Maybe because of the culture in which she grew up, Lieberman never felt she was a trailblazer as a woman pursuing science. Her feelings changed when she was a postdoctoral researcher at Caltech and earned a competitive fellowship through the National Science Foundation. She became pregnant during the fellowship — she had met her husband, Seth Brown, at MIT, and he’s now also a chemistry professor at Notre Dame — and sought out the program’s maternity leave policy.

She discovered they didn’t have one.

“They had plans for if you got called up to active duty for the military, though,” she said. “But they were pretty good about accommodating what I needed. Still, I was a little surprised. I thought, c’mon, it’s the 90s. Get with the program!”

Lieberman appreciates that Brown is also a researcher at Notre Dame, and believes his understanding of her schedule has helped with her balance between career and home life.

“It’s not like you work 100 hours a week like a high-powered lawyer or something, but there are some weeks in the semester when everything is very busy and you want your spouse to understand and support, and vice versa,” she said. “It’s hard when it’s finals week and we’re both crazy, but then you try to cut the other person some slack.”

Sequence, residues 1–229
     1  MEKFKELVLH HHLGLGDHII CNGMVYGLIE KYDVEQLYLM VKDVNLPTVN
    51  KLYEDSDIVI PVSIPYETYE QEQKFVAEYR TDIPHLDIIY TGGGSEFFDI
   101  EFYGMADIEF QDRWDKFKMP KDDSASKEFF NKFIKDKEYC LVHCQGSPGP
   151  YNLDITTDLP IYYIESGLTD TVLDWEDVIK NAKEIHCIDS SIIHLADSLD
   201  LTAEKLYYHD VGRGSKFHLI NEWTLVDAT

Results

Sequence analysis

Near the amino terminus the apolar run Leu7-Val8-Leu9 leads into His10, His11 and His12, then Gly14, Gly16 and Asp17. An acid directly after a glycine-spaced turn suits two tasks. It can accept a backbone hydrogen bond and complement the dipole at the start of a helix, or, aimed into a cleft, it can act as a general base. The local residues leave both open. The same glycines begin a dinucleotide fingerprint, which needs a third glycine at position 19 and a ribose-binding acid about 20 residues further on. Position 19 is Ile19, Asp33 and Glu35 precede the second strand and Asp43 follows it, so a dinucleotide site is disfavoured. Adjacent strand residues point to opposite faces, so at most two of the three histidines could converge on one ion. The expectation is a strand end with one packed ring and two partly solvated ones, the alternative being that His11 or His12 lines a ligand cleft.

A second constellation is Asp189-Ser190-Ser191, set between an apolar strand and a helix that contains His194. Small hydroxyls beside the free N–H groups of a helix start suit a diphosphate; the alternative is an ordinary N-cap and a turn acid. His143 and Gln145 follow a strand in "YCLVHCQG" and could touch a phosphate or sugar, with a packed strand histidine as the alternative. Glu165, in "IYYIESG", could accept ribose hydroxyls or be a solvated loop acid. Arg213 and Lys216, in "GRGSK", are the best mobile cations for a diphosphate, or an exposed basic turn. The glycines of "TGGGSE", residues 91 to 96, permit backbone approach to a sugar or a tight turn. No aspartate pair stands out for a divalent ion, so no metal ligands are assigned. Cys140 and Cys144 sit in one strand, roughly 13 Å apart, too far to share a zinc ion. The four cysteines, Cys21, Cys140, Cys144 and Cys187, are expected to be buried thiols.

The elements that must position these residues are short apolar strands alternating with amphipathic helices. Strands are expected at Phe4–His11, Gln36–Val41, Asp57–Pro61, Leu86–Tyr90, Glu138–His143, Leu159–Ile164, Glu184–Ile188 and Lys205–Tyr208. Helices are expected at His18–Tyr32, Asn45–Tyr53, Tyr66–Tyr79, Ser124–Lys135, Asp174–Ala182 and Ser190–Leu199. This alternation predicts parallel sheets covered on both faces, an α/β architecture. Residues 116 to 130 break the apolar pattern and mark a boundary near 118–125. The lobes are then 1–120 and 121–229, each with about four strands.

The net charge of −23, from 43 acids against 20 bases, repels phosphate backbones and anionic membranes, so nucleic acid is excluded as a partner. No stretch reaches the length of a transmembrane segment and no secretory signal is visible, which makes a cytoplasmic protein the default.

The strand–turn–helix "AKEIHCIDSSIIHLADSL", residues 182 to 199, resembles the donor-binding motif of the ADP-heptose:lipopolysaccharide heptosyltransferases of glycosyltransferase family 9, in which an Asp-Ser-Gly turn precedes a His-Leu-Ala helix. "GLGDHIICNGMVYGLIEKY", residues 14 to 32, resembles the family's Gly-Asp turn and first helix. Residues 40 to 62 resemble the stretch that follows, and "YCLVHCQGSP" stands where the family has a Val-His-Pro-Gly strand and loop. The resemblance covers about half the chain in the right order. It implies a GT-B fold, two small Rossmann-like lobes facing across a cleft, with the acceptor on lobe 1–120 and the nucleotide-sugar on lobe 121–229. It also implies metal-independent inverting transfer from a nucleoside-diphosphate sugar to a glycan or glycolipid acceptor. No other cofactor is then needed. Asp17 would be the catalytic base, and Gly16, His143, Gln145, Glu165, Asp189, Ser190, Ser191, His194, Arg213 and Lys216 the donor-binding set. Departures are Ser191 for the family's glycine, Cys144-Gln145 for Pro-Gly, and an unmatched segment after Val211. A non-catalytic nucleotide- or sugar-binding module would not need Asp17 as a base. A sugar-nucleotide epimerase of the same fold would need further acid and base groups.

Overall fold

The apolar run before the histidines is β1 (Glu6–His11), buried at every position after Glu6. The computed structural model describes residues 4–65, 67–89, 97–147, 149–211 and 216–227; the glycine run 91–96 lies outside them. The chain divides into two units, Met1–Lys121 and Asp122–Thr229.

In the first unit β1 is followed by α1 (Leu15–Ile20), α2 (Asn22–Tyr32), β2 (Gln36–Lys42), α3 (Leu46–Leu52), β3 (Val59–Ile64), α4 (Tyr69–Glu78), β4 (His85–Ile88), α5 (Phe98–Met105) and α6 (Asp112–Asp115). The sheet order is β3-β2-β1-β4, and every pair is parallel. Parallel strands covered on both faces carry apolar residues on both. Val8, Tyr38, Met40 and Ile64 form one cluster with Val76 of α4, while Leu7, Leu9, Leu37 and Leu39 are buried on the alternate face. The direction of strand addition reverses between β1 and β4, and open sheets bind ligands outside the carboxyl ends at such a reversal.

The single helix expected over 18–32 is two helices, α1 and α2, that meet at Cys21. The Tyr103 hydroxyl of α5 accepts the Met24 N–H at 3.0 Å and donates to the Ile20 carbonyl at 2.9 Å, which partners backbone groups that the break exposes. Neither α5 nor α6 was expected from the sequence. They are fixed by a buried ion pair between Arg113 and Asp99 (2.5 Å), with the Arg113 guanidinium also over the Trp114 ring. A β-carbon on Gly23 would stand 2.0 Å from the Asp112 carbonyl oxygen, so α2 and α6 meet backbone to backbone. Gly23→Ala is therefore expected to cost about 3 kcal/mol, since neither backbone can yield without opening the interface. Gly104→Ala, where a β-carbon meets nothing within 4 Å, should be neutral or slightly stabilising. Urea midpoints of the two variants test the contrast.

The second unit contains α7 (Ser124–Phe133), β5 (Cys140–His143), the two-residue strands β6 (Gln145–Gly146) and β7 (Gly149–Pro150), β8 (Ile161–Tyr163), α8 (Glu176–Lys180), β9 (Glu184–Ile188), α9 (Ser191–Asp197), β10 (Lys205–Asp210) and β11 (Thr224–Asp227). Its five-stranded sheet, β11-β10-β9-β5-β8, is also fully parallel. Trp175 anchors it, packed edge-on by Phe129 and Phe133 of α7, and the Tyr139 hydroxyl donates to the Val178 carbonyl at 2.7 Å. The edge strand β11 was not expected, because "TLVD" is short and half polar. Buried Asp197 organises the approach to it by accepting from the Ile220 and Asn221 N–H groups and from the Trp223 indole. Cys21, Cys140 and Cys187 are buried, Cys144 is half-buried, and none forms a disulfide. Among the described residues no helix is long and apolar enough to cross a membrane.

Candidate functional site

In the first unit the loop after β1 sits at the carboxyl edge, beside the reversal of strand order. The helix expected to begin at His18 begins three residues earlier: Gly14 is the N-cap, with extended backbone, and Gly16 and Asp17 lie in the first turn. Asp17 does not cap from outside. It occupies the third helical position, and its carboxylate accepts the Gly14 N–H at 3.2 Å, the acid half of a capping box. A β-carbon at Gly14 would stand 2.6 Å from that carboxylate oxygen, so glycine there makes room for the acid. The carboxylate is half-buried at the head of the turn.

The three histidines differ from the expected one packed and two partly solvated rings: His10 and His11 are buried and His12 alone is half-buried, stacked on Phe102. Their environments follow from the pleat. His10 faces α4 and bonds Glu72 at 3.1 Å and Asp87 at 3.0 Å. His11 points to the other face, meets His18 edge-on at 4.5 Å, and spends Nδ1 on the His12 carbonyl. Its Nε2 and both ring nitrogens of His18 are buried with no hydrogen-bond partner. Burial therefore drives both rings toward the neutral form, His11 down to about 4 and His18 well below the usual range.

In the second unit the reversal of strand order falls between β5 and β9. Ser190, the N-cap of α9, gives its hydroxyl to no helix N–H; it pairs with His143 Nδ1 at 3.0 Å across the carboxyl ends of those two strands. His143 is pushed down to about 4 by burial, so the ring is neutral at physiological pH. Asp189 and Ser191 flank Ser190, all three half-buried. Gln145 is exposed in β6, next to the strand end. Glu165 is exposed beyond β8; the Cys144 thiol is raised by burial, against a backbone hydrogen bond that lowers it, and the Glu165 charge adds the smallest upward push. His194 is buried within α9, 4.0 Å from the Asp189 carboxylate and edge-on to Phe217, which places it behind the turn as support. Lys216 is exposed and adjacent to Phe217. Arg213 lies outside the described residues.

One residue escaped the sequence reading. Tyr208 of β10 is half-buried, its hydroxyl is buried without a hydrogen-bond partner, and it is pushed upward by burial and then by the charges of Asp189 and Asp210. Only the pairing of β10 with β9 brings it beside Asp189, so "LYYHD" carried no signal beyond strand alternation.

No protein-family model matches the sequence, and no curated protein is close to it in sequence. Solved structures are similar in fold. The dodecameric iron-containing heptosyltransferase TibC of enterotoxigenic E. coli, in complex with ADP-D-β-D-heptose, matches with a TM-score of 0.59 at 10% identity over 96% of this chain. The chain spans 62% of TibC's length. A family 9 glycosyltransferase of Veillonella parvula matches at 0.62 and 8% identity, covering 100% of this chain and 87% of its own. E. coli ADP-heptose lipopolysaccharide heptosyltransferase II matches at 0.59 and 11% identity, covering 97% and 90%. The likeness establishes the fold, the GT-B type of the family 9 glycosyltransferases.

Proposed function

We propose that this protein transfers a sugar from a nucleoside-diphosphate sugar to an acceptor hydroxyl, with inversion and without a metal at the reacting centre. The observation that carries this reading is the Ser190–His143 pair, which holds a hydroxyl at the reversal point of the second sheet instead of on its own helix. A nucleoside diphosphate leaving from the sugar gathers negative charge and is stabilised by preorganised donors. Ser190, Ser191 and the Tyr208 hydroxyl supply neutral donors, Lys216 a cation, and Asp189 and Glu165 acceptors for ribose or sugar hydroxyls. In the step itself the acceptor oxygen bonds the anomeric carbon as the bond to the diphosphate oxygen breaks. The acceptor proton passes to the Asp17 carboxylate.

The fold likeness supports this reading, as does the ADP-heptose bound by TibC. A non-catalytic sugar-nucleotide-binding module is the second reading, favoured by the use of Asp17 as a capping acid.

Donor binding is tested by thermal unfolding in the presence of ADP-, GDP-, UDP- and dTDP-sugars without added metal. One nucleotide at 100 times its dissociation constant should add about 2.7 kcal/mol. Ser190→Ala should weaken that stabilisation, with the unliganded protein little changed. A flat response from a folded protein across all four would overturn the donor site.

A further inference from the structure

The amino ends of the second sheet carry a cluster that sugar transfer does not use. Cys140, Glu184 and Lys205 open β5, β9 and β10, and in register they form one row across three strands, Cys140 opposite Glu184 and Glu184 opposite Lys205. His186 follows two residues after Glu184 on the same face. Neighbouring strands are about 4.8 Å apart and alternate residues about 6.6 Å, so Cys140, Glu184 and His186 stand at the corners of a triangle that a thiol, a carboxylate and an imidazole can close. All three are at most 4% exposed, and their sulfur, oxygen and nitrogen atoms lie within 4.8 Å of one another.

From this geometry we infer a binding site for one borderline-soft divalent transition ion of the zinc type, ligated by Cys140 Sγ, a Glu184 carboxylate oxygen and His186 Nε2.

Lieberman has also found balance in her lab. Graduate students in the Lieberman lab say they enjoy her energetic approach to research and mentorship.

“Our lab is an entirely female group (with nine graduate students), and I think that is extremely unusual in the sciences. If anything, it has shown me that women can be very successful in the sciences and that women have come a long way in recent years,” said Meghanne Tighe, a third-year graduate student in Lieberman’s lab.

“When Professor Lieberman started at Notre Dame she was one of the very first female faculty in the department and she has been a role model for how to forge a successful career in an area primarily dominated by men.”

Bliese agreed.

“One of my biggest takeaways from working with Professor Lieberman has been to never sell yourself short,” she said. “It can be easy to underestimate your potential or impact as you go through your graduate career but she sees your potential and motivates you to achieve goals beyond what you thought you could accomplish.”

Written by Deanna Csomo McCool